Ever heard of the "suppressor" cocktail? These light-alcohol cocktails are built around low-proof spirits like vermouth and sherry, and flavored with things like aromatic bitters and muddled fruit. The term "suppressor" was reportedly coined back in 2010 by Atlanta restaurateur Greg Best, who wanted to create a high-end line of cocktails that would be easier on the liver and on his driving clientele. Now you can find these elegant, artisanal cocktails—also known as shims, low-proofs and sessions—at the most elite bars in the country. The best part is, you can indulge in several and still make it to work the next day.
1. The Cobbler
Peter Vestinos, beverage director at The Betty in Chicago, likes low-ABV cocktails so much he serves two: The Cobbler, a classic made from sherry and a seasonal fruit syrup; and The Americano, Americano!, made from Campari and Sweet Vermouth and topped off with Fever Tree Bitter Lemon Soda. "People are more comfortable drinking earlier and longer these days, but don’t always want to feel the effects of it,” says Vestinos. “Now you can even have a drink at lunch.” Or three.
2. The Hot Blonde
At Anfora, restaurateur Joey Campanale’s New York City restaurant and bar, bartender Libby Winters serves The Hot Blonde, a light and refreshing mix of Fino Sherry, Amontillado Sherry and a splash of Laird's Bonded Apple Jack. It's finished with fresh lemon juice and simple syrup and served in a rocks glass with a large ice cube and a twist of lemon. As if the name alone didn't have us sold.
3. Ma-Ti Cobbler
At the Cliff’s Edge in Los Angeles, the Ma-Ti Cobbler is a riff on the traditional Cobbler, made famous in the 1830s. The secret to this must-try version? It's made with Cocchi Rossa, syrup, cactus fruit puree, lime juice, Angostura bitters and Opuntia Prickly Pear Spirit.
4. Love at Sea
At Bon Marche in San Francisco, bar director Eric Quilty has curated a cocktail menu inspired by vintage French cinema. His suppressors include Love At Sea (carrot-infused Campari, Benedictine, and Dolin Dry Vermouth) and La Grand Illusion (apricot-infused Oloroso Sherry, Alessio Vermouth and bitters). “Sherry balances cocktails with its nervy acidity while remaining delicate and austere," says Quilty. "If it's lushness or a slightly sweet nuttiness you're after, sherry has you covered."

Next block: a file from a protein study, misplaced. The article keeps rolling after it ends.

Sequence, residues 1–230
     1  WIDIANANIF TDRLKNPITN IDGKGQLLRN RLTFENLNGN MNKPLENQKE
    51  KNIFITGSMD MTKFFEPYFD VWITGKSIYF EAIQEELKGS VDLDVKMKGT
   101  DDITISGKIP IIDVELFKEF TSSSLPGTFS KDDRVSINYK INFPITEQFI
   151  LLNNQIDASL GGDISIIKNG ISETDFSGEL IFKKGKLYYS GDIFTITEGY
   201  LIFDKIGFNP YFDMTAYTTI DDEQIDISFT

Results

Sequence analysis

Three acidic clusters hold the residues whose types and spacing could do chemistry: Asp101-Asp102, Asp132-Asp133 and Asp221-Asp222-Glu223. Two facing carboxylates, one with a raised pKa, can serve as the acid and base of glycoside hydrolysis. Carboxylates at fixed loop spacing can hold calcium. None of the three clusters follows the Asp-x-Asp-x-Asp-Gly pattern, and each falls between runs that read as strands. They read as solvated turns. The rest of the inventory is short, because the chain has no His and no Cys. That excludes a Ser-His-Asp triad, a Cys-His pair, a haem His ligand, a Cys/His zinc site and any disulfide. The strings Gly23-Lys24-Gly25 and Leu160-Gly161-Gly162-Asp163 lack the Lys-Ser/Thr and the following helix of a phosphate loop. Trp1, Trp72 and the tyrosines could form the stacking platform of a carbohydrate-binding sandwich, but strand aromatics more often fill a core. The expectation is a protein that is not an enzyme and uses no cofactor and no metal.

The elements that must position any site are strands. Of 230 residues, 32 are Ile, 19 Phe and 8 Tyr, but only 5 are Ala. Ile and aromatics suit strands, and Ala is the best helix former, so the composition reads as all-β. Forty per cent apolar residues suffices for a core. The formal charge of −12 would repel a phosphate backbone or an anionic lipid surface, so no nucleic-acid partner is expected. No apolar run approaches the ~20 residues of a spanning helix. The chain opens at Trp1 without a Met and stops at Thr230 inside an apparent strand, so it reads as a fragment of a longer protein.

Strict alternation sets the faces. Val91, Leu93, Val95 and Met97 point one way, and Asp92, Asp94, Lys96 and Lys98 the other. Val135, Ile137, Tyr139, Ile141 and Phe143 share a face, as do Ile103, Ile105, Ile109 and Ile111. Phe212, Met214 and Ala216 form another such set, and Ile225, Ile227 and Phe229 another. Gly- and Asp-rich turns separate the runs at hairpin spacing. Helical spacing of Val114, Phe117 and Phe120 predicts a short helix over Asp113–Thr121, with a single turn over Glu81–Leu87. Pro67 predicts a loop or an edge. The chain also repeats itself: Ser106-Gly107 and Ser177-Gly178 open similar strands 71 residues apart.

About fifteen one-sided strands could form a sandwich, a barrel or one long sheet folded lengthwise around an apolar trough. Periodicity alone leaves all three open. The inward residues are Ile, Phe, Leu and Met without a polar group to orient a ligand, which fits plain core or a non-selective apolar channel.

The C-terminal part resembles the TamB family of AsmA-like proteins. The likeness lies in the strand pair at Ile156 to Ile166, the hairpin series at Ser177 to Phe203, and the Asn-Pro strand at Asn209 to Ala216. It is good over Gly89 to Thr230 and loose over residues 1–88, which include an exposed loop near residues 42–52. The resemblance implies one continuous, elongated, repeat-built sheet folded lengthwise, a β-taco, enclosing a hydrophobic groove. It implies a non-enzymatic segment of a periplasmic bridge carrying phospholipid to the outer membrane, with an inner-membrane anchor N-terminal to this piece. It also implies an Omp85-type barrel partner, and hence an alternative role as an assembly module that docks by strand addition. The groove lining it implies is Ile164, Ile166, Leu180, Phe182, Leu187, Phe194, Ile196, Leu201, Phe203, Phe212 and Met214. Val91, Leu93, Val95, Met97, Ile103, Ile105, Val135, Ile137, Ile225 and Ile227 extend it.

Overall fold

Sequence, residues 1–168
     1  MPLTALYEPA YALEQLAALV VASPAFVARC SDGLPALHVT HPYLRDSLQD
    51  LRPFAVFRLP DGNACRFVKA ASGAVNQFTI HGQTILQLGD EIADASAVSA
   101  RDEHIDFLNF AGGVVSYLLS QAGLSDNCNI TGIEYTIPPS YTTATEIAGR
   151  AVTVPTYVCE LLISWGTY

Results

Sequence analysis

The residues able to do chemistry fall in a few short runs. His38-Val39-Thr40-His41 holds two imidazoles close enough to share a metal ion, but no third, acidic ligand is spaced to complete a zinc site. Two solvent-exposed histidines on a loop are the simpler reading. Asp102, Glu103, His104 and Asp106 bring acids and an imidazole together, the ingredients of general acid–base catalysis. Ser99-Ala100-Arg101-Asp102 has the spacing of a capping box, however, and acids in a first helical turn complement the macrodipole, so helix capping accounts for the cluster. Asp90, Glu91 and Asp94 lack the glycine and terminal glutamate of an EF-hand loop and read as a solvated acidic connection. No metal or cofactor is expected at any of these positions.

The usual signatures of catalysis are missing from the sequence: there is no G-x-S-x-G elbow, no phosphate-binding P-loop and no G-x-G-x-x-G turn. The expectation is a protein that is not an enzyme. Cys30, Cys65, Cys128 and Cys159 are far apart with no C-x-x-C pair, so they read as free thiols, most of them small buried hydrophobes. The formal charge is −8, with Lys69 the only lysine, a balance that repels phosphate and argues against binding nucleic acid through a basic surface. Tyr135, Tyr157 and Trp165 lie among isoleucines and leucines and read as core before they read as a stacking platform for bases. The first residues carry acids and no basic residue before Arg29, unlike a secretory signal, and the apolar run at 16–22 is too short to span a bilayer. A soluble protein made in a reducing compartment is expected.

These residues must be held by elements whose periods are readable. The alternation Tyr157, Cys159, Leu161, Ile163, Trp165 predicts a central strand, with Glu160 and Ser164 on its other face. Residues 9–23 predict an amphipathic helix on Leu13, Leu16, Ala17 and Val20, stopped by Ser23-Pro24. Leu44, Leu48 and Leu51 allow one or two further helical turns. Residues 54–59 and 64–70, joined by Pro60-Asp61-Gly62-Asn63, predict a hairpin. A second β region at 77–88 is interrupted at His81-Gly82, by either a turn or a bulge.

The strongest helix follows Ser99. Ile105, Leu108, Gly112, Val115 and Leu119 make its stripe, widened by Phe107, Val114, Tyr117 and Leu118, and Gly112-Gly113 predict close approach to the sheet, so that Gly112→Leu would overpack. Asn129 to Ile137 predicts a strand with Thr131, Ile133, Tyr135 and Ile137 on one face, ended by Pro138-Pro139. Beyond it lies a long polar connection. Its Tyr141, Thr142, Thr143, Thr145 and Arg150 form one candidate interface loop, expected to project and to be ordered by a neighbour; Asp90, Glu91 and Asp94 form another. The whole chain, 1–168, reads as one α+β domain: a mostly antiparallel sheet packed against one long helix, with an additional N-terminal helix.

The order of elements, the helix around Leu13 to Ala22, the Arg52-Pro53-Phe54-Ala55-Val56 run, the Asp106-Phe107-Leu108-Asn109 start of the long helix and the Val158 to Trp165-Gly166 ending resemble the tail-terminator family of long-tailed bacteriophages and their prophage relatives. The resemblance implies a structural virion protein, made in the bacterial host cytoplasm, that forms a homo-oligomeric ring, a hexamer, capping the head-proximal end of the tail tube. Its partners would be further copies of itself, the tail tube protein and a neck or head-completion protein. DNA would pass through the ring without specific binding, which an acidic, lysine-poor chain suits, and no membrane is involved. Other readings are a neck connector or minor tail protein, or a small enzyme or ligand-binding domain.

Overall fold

5. Frutteto Fizz
Chef Hugh Acheson and his team at The Florence in Savannah, Georgia, are huge fans of suppressor cocktails. One of the best on their drinks menu is this beauty, known as the Frutteto Fizz. Made with Contratto Bianco, Pear Eau di Vie, lemon, Earl Grey bitters and sparkling wine, it's guaranteed to "add longevity to the night out," says beverage director Kellie Thorn.
6. Brunch on the Danube
Bryan Dayton, beverage director and co-owner of OAK at fourteenth (Boulder, CO), Acorn, and Brider in Denver, serves three to four low-alcohol cocktails. A current favorite is Brunch on the Danube, made with Zwack (an herbal liquor made in Hungary), Niepoort Tawny, Nux Alpina Nocino and ginger beer. Considering Colorado's altitude, these drinks make even more sense than they do at sea level. Order up one or two, and let the oxygen-challenged air up there give your light buzz a little more momentum.
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